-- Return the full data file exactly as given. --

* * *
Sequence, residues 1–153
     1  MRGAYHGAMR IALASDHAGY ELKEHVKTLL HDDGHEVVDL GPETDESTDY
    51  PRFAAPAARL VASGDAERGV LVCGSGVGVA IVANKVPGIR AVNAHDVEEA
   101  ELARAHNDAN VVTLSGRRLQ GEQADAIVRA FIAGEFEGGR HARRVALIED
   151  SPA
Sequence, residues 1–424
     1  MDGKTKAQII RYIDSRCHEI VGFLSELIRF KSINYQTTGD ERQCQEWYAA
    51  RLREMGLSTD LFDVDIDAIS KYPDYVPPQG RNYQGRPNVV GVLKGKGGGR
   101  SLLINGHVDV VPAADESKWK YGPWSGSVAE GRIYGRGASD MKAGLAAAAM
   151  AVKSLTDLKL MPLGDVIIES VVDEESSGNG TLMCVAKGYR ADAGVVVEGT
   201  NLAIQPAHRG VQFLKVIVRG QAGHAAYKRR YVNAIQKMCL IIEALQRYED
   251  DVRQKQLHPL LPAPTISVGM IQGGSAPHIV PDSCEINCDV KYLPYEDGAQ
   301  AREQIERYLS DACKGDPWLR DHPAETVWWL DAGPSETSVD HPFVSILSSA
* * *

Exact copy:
Sequence, residues 1–153
     1  MRGAYHGAMR IALASDHAGY ELKEHVKTLL HDDGHEVVDL GPETDESTDY
    51  PRFAAPAARL VASGDAERGV LVCGSGVGVA IVANKVPGIR AVNAHDVEEA
   101  ELARAHNDAN VVTLSGRRLQ GEQADAIVRA FIAGEFEGGR HARRVALIED
   151  SPA
Sequence, residues 1–424
     1  MDGKTKAQII RYIDSRCHEI VGFLSELIRF KSINYQTTGD ERQCQEWYAA
    51  RLREMGLSTD LFDVDIDAIS KYPDYVPPQG RNYQGRPNVV GVLKGKGGGR
   101  SLLINGHVDV VPAADESKWK YGPWSGSVAE GRIYGRGASD MKAGLAAAAM
   151  AVKSLTDLKL MPLGDVIIES VVDEESSGNG TLMCVAKGYR ADAGVVVEGT
   201  NLAIQPAHRG VQFLKVIVRG QAGHAAYKRR YVNAIQKMCL IIEALQRYED
   251  DVRQKQLHPL LPAPTISVGM IQGGSAPHIV PDSCEINCDV KYLPYEDGAQ
   301  AREQIERYLS DACKGDPWLR DHPAETVWWL DAGPSETSVD HPFVSILSSA